We must be willing to trust the intelligence of the audience, and allow them to decide for themselves what they understand or relate to.
Had it not been for the brave decision of the Prologue Theater Company to produce the world premiere of this play, who knows when it would have seen the light of day?
This point is more so for theater practitioners such as literary managers and artistic directors in a position to choose plays. Do not assume that one play represents an entire experience. It does not. Quite frankly it is an insult to belittle these specific people and their experiences, and clump their stories together.
Why is it that we can have a million plays about love and relationships, but a theater can tell Hall, “we’ve already done one August Wilson play” when it comes to the African-American experience?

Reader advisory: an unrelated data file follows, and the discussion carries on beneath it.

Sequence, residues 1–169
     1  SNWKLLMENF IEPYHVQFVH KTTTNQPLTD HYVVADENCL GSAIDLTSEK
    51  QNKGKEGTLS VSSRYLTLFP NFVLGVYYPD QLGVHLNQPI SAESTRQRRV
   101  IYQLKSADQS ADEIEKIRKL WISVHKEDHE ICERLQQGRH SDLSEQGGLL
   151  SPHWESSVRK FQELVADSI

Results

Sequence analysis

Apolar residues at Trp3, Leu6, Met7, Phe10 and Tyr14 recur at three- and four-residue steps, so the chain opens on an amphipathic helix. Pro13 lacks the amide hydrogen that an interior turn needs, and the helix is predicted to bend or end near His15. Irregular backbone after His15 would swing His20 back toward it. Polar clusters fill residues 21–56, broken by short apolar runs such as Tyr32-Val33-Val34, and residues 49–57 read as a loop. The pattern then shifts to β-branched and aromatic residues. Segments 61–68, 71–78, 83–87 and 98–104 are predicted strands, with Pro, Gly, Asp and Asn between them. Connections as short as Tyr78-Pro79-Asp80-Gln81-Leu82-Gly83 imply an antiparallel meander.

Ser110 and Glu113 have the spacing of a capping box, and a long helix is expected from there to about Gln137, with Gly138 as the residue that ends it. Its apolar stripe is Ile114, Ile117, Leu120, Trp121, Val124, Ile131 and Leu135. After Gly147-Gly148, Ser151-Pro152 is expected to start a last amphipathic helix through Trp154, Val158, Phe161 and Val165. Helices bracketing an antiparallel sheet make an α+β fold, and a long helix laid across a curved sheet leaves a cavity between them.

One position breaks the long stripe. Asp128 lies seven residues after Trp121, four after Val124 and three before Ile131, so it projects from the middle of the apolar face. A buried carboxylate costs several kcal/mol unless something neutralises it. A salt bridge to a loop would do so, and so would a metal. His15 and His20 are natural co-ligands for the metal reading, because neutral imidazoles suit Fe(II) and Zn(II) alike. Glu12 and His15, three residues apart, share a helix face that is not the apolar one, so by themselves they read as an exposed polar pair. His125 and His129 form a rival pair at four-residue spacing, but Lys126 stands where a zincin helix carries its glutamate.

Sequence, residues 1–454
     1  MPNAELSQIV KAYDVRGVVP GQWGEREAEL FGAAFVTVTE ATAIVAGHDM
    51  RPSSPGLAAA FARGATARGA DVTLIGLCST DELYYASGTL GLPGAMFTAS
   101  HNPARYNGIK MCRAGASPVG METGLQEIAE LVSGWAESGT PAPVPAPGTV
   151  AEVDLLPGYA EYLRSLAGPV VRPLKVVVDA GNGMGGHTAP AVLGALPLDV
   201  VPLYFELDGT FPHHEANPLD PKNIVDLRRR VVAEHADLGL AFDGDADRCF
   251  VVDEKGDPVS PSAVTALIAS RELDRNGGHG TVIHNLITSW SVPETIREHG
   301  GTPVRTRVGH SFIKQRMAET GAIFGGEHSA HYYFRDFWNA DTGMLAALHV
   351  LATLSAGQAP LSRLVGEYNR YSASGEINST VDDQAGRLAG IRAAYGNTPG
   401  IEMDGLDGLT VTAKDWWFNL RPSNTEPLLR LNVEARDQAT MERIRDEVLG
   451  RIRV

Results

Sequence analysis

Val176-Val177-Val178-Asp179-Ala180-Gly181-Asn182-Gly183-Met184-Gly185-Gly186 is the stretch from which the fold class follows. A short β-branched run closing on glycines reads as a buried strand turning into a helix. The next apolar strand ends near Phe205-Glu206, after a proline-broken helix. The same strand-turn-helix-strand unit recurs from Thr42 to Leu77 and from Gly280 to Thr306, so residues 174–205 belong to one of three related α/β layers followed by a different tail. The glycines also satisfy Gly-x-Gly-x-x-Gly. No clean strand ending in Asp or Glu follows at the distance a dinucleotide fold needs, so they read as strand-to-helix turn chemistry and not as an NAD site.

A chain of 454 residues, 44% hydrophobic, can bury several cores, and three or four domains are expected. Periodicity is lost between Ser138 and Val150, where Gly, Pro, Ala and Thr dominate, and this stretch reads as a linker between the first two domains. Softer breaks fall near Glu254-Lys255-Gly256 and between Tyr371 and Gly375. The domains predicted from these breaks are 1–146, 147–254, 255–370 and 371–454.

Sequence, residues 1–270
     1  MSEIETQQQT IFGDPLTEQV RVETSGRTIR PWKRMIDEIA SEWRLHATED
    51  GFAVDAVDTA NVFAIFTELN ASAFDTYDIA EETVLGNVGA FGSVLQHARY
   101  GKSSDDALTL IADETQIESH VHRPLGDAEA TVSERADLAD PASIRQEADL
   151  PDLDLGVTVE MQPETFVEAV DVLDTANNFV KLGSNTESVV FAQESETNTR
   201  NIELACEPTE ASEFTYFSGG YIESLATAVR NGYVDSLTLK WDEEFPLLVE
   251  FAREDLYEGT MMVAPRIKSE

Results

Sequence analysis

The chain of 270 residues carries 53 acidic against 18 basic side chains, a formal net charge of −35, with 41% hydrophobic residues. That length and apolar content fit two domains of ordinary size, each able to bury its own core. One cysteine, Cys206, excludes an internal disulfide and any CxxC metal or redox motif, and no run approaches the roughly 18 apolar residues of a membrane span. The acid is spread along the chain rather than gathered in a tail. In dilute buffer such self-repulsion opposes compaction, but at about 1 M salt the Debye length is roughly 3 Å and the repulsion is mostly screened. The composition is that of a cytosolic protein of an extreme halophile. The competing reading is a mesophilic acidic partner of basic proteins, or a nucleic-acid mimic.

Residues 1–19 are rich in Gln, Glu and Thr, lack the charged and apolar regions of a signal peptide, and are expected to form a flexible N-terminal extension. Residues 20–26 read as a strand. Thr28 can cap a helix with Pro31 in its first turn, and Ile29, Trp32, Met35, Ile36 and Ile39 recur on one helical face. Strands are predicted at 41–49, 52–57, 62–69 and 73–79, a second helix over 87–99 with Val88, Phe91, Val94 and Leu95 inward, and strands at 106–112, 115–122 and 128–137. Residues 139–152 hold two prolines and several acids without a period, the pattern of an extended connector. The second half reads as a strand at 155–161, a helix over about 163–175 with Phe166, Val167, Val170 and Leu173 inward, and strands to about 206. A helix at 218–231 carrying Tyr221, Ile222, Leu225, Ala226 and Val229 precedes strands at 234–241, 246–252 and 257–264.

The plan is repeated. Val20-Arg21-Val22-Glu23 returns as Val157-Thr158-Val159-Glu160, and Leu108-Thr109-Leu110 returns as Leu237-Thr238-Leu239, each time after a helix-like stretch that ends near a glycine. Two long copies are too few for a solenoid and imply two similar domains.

When we take the limited approach of assuming if we’ve done one story, we’ve done them all, amazing stories like Hall’s Saturday Night/Sunday Morning lie in drawers only to collect dust.
Additionally, it is incorrect to assume that because your audience doesn’t look or talk as the characters in the play, they will not be able to understand or relate. I have heard playwrights from all walks of life say, “audience members who look nothing like my characters say this is their story.”
In theater we must be more courageous. We must be willing to trust the intelligence of the audience, and allow them to decide for themselves what they understand or relate to. You never know, they might have the same experience I did with ReWILDing Genius.
To conclude, from this day forth, I challenge you as both audience members and theatre practitioners to join me in adopting the act of leaving our prejudgments at the door, and entering the theatrical space open to whatever experience lies before us. I’m willing to hold up my end of the bargain; are you?